The hospital emphasized that the sisters had distinct personalities, describing Prefina as “playful and lively,” and Ervina as “more serious and observant.”

A multidisciplinary team, including neurosurgeons, anesthesiologists, and plastic surgeons, prepared for more than a year for the operation to separate the twins. The hospital’s ethics committee contributed to a plan ensuring that the girls would have the same quality of life.

The separation took place in three stages. In the first, in May 2019, neurosurgeons started to separate and rebuild the membranes and venous systems.

The second, a month later, focused on the confluence of sinuses in the brain. The hospital said it was a critical phase of the treatment as “the operating space is a few millimeters.”

The two operations prepared the girls for the third and final phase of complete separation on June 5.

“It was an exciting moment, a fantastic, unrepeatable experience. It was a very ambitious goal and we did everything we could to achieve it, with passion, optimism and joy. By sharing each step, studying every single detail together,” Marras said.

Bambino Gesù, colloquially known as the “Pope’s hospital,” is among the most important pediatric hospitals in the world. Founded in 1869 by the Duchess Arabella Salviati, the hospital was donated to Pius XI in 1924, with the aim of giving it a more stable future. While the hospital is located in Rome, rather than Vatican City, it is situated in an extraterritorial area administered by the Holy See.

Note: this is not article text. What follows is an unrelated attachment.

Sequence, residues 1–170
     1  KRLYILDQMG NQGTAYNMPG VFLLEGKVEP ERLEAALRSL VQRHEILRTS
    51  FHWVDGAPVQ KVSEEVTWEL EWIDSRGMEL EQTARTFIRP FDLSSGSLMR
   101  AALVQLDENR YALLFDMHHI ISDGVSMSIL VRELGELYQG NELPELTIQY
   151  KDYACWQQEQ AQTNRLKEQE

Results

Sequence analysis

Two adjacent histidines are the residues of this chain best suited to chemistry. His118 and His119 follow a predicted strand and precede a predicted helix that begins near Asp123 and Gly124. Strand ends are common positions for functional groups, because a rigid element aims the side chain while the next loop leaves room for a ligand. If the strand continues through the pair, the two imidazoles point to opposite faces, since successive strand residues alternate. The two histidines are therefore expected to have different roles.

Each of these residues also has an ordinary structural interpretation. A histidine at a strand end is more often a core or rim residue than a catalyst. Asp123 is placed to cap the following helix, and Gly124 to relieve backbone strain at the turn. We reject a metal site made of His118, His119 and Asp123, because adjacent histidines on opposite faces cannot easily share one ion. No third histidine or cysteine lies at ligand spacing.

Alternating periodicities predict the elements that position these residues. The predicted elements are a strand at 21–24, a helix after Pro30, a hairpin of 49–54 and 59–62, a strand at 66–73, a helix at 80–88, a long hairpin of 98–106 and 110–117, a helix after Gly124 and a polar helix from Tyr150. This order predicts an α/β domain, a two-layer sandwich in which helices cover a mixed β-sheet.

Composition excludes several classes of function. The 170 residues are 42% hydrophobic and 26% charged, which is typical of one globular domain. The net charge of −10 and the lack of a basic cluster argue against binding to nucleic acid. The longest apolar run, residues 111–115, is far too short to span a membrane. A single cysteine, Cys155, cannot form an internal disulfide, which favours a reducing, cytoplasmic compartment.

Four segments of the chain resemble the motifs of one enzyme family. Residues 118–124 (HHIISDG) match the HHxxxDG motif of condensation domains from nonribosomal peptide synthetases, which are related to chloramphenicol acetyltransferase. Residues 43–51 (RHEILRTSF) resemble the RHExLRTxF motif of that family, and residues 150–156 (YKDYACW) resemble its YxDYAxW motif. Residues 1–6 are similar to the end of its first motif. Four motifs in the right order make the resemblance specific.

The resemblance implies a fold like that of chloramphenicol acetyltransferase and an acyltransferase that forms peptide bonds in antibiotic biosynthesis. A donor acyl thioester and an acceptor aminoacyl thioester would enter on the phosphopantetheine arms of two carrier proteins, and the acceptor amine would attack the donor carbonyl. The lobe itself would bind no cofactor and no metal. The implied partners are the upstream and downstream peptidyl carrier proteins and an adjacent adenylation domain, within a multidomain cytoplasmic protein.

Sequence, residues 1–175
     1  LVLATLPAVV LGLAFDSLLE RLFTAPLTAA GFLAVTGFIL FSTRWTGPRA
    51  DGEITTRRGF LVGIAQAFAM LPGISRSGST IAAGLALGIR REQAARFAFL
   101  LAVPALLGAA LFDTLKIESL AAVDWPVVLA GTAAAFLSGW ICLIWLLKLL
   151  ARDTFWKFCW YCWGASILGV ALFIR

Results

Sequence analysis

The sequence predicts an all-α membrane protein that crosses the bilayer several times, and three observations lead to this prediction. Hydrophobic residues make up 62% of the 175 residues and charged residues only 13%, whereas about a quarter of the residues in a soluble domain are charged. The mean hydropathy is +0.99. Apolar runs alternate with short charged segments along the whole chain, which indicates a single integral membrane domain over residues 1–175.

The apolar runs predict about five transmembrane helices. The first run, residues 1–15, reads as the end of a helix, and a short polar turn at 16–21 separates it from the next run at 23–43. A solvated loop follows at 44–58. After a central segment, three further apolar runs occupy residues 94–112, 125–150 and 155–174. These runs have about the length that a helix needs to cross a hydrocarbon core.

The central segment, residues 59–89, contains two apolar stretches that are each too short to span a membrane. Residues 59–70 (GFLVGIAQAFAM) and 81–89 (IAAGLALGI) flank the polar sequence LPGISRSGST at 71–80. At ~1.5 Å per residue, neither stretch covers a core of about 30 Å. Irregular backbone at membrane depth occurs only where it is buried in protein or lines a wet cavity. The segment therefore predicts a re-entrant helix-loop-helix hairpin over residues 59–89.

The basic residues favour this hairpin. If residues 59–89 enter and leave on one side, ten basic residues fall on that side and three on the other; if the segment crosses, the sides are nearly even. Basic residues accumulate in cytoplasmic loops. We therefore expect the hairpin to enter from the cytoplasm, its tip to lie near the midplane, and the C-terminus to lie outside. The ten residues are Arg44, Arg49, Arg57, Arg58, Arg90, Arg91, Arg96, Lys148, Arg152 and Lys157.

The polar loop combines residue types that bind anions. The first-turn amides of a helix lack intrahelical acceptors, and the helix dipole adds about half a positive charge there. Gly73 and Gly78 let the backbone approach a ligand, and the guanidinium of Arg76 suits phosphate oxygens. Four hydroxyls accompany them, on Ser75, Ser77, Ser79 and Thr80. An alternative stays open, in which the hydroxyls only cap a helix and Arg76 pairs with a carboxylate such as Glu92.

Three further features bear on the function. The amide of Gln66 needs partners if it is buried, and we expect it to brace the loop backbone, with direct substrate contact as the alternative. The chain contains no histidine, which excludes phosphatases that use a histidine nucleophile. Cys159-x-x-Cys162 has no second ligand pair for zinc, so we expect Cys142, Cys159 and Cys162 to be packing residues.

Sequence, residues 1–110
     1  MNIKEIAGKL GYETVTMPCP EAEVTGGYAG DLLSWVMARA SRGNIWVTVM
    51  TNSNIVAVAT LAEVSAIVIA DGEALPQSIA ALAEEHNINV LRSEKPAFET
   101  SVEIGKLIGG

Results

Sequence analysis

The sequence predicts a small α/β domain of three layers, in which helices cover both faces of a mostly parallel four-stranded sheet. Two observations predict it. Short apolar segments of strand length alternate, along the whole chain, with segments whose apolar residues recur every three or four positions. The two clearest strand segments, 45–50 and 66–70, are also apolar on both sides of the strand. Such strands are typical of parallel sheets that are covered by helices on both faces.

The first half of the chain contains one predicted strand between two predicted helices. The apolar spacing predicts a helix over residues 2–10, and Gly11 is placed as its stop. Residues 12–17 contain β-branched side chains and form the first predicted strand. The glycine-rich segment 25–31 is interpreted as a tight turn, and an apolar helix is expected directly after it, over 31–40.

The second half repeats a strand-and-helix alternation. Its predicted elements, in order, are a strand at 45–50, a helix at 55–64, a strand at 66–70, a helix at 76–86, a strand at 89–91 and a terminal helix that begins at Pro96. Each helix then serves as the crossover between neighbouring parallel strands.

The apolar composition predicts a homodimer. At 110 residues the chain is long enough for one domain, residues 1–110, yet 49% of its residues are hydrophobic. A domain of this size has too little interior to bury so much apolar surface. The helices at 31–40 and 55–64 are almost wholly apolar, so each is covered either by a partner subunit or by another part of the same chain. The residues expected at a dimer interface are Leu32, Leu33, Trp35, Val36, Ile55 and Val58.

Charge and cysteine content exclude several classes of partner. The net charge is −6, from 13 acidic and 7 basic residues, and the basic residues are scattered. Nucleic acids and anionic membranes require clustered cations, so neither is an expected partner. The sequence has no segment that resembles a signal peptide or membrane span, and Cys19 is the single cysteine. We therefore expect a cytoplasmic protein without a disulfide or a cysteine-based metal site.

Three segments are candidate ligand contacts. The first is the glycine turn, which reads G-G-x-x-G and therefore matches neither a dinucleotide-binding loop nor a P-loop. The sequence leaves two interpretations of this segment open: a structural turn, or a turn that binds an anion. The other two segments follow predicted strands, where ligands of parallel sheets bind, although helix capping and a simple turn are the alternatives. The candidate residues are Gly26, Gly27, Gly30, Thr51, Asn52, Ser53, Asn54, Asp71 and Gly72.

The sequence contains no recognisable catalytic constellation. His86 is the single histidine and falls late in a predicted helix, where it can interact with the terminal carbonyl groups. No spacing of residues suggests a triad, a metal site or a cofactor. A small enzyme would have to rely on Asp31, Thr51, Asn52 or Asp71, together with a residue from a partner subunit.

The hospital said Tuesday: “A month after the final separation, the twins are doing well. … On June 29 they celebrated their second birthdays, looking into each other’s eyes, moving their little hands to the rhythm of music, in the arms of their mother.”

“They have undergone very difficult operations; the wounds will take some time to heal; the risk of infection is still present. The neurorehabilitation program continues and for a few months they will have to wear a protective helmet.”

“But post-operative checks indicate that the brain is intact. The recreated system works, the blood flow has adapted to the new path.”

Speaking at the press conference, the girl’s mother, Ermine, said: “If we had stayed in Africa I don’t know what fate they would have had. Now that they are separate and well, I would like them to be baptized by Pope Francis who has always taken care of the children of Bangui. My little ones can now grow up, study and become doctors to save other children.”


ACI Africa was officially inaugurated on August 17, 2019 as a continental Catholic news agency at the service of the Church in Africa. Headquartered in Kenya’s capital, Nairobi, this media apostolate will strive to facilitate the telling of Africa’s story by providing media coverage of Catholic events on the African continent, giving visibility to the activities of the Church across Africa where statistics show significant growth in numbers and the continent gradually becoming the axis of Catholicism. This is expected to contribute to an awareness of and appreciation for the significant role of the Church in Africa and over time, the realization of a realistic image of Africa that often receives negative media framing.

Father Don Bosco Onyalla
Editor-in-Chief, ACI Africa
[email protected]